Universal Agreement on Numbers and that Savage, Susanna Reid

Posted on May 03, 2022. by NTI

There is an amount of gloating that goes on around G7, G20 or UN Security Council countries, claiming to be the fastest, biggest, most successful, or have the best policies; but it seems that no-one in any of the far corners of our tiny little world is crowing today (Tuesday 3 May) as global numbers are just ... not good; anywhere.

The S&P Global eurozone manufacturing purchasing managers’ index, which lays claim to the least 'trip-off-your-tongue' name, but which doesn't care as it has the best numbers, says today that the most recent headline number was '55.5'. This was an announcement which caused universal shrugging, because no-one knew if they were supposed to be comparing apples, pears, goats, sheep or jam. More enlightening was the follow up explanation that said April was the third consecutive month that the figure in the survey had declined and was accompanied by a warning that the eurobloc had slowed to a “near standstill”. Similar figures emanating from the States and China simply said, "me too", in a rare statement of global union. It appears we are all knackered.

What is it this time?, we bleat. Rampant inflation? Disrupted supply chains? Russia’s invasion of Ukraine? Unprecedented component shortages? Lockdowns in China? Gas and fuel prices? Lack of availability of raw materials and component parts? A brief and unexplained “flash crash” in the Nordics caused by a "large, erroneous transaction"? Tariff shifting following Brexit, with the UK about to continue its policy of not applying tariffs to goods being imported from the EU zone, despite their applying them to our stuff arriving there? The supply crunch?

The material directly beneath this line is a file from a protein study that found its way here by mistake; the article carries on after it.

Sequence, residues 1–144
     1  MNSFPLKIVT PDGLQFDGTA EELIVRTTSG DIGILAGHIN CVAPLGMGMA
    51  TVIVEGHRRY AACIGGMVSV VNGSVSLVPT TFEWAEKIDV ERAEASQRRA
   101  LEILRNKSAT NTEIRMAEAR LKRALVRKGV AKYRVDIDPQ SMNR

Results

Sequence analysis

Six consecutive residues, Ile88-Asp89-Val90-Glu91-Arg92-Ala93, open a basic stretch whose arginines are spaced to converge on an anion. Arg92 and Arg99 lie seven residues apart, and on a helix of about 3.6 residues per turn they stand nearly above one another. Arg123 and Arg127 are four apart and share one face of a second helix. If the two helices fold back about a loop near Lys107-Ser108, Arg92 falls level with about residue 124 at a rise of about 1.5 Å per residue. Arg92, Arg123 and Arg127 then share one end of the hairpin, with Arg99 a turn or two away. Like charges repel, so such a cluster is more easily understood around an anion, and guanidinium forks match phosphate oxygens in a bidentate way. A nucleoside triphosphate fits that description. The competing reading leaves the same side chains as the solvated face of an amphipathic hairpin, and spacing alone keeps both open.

In short, yes.

In April China’s manufacturing sector contracted for a second consecutive month. Data from the US yesterday showed that manufacturing activity there also had slowed for two months in a row. Some institute or other in America said that 15 per cent of respondents to its latest survey had “expressed concern about their Asian partners’ ability to deliver reliably in the summer months, up from 5 per cent in March”. Meanwhile in Europe, the index of manufacturing output also slumped, from 53.1 to 50.7, its worst reading in 22 months. Any reading below 50 indicates a contraction.

We care about this stuff in the UK, but are also a bit prepossessed about factory gate prices on our minute island, which rose at the highest rate on record last month, as manufacturers passed on to consumers surging costs for energy and raw materials. Those working in manufacturing, which accounts for 17 per cent of GDP each year, said that growth in new orders fell to its slowest pace since the start of 2020, as input costs rose to the second-greatest extent in the 30-year survey history.

And all of this whilst our statesmanesque prime minister was being savaged by the single-celled Sussana Reid on Good Morning Britain, and Boris Becker was spending his first weekend in prison. Thank heavens Novak Djokovic isn't being allowed to paly at Wimbledon this year.

What's that? Nooooooooooooooooooooooooooooooo

« Back to articles